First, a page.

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Ten Best The Rockford Files TV Episodes

James Garner starred in The Rockford Files from 1974-80. Never Send a Boy King to Do a Man's Job, Dwarf in a Helium Hat, The Man Who Saw the Alligators, The Queen of Peru, The No-Cut Contract, Tall Woman in Red Wagon, The Competitive Edge and Paradise Cove are the best Rockford TV episodes.

NBC-TV's The Rockford Files ran from 1974 to 1980. Created by Stephen J. Cannell and Roy Huggins, The Rockford Files generated 118 episodes and starred the incomparable James Garner as ex-con-turned-private detective James Scott Rockford. Other regulars included Noah Beery Jr. as Joseph "Rocky" Rockford, Joe Santos as LAPD detective Dennis Becker, Stuart Margolin as weaselly con man Evelyn "Angel" Martin and Gretchen Corbett as Rockford's attorney Beth Davenport.

Here are ten classic The Rockford Files episodes that no Rockfordphiliac/James Garner fan should ever miss. This is Jim Rockford. At the tone leave your name and message. I'll get back to you...

"Never Send a Boy King to Do a Man's Job" - March 3, 1979

In this expanded two-hour episode sports promoter Harold Jack Coombs (Robert Webber) cheats Mr. Brockelman (Harold Gould) out of his printing business, paying him $40,000 for a company worth $500,000. Hearing of his father's plight, private eye Richie Brockelman (Dennis Dugan) enlists the help of Jim Rockford and other con artists, running a game on Coombs in order to collect the full price of the business. It proves to be an elaborate sting operation exploiting Coombs' irrational fear of germs while introducing a phony second King Tut exhibit and the "curse" that goes with it. Rockford slips into his patented good ol' boy Jimmy Joe Meeker impersonation, getting the ball rolling when he relieves Coombs of his prize race car during a grudge match at the track. "Captain Space, thanks for the race," a winning Rockford needles Coombs who is decked out in his silver racing outfit.

Teleplay: Juanita Bartlett

Director: William Wiard

TV Guide, June 2, 1979, James Garner in The Rockford Files (Triangle Publications, Inc.)

"Dwarf in a Helium Hat" - January 27, 1978

Hanger-on Julius "Jay" Rockfelt (John Pleshette) stiffs mobster Gianni Tedesco (Gianni Russo) with the tab for Gianni's own birthday party. The angry mobster then begins making threats, phoning Rockford by mistake. Tedesco kidnaps Jay's sister Amy (Robina Suwol), demanding that Jay come up with the money in order to garner her release. Jay goes to his English rocker friend Keith Stuart (Rick Springfield) for the cash, but is turned down. Now reluctantly involved, Rockford arranges a payoff using money acquired from Jay's wealthy parents. Rock 'n' roll and the party scene are expertly spoofed in this classic episode, which takes its title from one of Keith Stuart's hit albums – "Dwarf in a Helium Hat."

Teleplay: Stephen J. Cannell & David Chase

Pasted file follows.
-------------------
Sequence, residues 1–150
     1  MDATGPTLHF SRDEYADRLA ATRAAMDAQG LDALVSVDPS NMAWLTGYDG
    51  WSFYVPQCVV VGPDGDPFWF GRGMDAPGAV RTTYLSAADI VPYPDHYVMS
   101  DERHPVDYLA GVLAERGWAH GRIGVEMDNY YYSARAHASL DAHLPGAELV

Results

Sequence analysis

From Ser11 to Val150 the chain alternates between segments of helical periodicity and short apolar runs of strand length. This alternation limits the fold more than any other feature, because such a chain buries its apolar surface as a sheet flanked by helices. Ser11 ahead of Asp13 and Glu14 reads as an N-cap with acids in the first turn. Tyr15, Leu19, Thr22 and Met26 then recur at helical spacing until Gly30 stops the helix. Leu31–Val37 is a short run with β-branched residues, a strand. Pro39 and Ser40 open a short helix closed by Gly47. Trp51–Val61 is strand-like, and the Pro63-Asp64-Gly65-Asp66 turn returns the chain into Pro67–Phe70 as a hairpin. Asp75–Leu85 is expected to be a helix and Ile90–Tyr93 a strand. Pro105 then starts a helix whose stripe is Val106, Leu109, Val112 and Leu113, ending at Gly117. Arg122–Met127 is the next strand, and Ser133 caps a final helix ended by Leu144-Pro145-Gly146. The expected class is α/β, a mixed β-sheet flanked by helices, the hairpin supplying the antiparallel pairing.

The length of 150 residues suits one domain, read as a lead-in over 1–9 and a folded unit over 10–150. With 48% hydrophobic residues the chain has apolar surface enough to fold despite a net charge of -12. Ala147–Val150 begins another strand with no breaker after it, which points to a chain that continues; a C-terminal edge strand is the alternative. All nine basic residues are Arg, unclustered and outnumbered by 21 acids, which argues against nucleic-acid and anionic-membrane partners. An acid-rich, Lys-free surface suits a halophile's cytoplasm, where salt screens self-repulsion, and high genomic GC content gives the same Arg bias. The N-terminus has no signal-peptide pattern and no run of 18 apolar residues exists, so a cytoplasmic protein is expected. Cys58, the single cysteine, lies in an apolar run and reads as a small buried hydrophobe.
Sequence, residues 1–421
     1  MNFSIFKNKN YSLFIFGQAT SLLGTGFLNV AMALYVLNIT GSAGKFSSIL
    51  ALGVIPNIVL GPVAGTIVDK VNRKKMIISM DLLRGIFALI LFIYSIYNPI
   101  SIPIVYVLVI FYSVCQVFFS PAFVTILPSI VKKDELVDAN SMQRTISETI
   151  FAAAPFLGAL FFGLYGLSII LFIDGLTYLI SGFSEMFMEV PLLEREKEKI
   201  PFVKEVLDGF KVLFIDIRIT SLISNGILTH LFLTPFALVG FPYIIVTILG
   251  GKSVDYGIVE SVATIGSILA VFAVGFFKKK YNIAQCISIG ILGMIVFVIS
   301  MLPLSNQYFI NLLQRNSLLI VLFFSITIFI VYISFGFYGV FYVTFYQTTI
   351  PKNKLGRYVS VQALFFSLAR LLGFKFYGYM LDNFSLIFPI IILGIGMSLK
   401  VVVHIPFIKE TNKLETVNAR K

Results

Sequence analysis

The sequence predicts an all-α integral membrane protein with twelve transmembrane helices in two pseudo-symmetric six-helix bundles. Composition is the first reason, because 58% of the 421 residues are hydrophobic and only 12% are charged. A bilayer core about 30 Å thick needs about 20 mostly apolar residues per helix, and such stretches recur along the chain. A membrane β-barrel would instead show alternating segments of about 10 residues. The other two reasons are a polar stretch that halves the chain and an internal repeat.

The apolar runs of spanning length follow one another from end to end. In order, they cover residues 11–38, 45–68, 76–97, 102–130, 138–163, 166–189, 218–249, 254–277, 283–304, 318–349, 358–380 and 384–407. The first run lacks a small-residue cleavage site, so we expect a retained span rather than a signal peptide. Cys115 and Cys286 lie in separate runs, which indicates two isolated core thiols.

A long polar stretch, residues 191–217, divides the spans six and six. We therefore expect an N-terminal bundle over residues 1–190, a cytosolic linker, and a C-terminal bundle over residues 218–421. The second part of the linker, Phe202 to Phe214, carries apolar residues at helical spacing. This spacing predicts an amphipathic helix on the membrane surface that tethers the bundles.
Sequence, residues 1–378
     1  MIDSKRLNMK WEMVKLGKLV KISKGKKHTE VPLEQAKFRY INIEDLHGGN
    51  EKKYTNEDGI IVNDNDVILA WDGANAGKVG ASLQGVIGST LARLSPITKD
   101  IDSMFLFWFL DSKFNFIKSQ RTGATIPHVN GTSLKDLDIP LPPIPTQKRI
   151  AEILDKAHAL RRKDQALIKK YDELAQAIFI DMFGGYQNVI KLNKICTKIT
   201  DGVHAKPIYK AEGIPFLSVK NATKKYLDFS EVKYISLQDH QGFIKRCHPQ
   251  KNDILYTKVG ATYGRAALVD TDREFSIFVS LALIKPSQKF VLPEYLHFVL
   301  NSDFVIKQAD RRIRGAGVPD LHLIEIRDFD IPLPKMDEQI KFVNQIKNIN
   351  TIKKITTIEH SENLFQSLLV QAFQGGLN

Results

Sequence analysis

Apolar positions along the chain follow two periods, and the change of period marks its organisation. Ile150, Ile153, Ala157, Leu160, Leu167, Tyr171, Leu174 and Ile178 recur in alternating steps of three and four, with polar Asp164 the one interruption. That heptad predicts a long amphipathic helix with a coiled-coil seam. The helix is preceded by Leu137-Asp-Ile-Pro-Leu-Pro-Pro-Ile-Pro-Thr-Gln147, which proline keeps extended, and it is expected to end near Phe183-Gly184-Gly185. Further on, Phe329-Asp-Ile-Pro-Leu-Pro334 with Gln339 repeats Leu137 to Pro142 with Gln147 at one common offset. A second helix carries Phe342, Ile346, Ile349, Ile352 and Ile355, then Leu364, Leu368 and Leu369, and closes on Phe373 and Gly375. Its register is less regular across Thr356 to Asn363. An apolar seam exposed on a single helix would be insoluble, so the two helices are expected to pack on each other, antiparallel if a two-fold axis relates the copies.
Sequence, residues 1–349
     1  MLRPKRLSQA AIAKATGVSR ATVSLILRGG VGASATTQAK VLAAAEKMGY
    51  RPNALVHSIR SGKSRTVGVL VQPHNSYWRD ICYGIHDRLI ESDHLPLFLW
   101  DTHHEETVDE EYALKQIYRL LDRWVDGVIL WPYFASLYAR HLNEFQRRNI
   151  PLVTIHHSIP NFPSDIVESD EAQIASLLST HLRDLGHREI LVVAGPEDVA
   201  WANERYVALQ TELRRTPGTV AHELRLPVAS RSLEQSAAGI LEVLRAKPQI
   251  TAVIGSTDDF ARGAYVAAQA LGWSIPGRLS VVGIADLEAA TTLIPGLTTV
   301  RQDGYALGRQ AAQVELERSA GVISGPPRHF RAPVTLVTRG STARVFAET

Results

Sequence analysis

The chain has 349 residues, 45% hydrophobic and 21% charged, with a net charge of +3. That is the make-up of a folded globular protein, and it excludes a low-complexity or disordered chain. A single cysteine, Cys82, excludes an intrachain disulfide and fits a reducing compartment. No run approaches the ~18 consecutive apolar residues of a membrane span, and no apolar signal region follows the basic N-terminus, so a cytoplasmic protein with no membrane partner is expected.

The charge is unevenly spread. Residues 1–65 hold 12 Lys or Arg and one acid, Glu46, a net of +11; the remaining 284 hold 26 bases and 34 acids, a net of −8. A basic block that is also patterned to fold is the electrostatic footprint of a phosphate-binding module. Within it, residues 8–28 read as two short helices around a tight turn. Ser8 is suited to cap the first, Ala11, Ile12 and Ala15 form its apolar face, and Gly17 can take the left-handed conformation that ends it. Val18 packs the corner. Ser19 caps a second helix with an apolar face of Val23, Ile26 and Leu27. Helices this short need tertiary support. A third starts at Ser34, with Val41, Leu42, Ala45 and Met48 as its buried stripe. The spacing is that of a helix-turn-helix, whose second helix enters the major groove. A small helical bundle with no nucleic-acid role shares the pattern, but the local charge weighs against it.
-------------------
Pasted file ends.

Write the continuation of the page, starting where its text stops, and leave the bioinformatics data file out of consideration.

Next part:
Director: Reza Badiyi

"The Man Who Saw the Alligators" - February 10, 1979

This expanded 90-minute segment guest stars George Loros as Anthony Boy Gagglio, a mob contract killer just released from prison who comes gunning for Rockford. Anthony Boy, along with his sidekick Syl (Luke Andreas), corner Rockford, his accountant Adrianna Danielli (Sharon Acker) and Angel Martin at a remote cabin. George Loros turns in a stellar performance as the homicidal "Tony Boy," reprising his role from a previous two-part episode titled "To Protect and to Serve." The unbalanced Gagglio talks of dreaming of alligators under his bed as a youth, hence the episode's title.

Teleplay: David Chase

Director: Corey Allen

TV Guide, August 20, 1977, James Garner and Joe Santos in The Rockford Files (Triangle Publications, Inc.)

"The Queen of Peru" - December 16, 1977

Rockford is working on a big diamond recovery case for an insurance company. After making the exchange, the thieves leave the gem in Rockford's grill back at his trailer in Malibu. Carl Wronko (Ken Swofford) and family of Peru, Indiana, come into possession of the diamond after young Sean Wronko (Michael Morgan) swipes Rockford's grill. Rockford then takes to the road manning his CB, trying to locate the Wronkos in their RV with a criminal character named Ginger (Christopher Cary) and his hired muscle Lou (Luke Andreas) also in the hunt. Hunter Von Leer has a good secondary role as lifeguard Skip Speece, who is well-known for his "work" with youth, especially teenage girls. George Wyner plays naive insurance company executive and gung-ho weekend warrior Steve Kalifer, with the California National Guard taking a ribbing.  

Teleplay: David Chase

Director: Meta Rosenberg

"The No-Cut Contract" - January 16, 1976

Larry "King" Sturtevan (Rob Reiner), star quarterback for the minor league Southern Illinois Warriors, is in town. Sturtevan's "hobby" is taping secret mob conversations back home at his restaurant. With the gangsters now on to him, Sturtevan randomly picks Rockford out of the Yellow Pages, with several thugs paying Jim a visit and demanding the tapes at gunpoint. Rob Reiner has a field day as the conceited Sturtevan, who tells Rockford that he doesn't know anyone in L.A., except maybe for "a couple hundred girls." NFL Hall of Famer Dick Butkus plays himself, meeting King Sturtevan at poolside and telling him that he never heard of the Southern Illinois Warriors.

Teleplay: Stephen J. Cannell

Director: Lou Antonio

James Garner as Jim Rockford in The Rockford Files (NBC-TV)

"Tall Woman in Red Wagon" - October 11, 1974

Newspaper reporter Sandra (Sian Barbara Allen) hires Rockford to find her missing friend Charlotte Duskey (Susan Damente). The trail eventually leads to the mob and phony IRS agent Harry Stoner (George DiCenzo). This is a classic Rockford segment, with Jim impersonating an insurance agent, funeral home representative, psychiatrist and Internal Revenue agent. Using a mobile printing press, Rockford churns out his own phony business cards from the comfort of his tan Pontiac Firebird.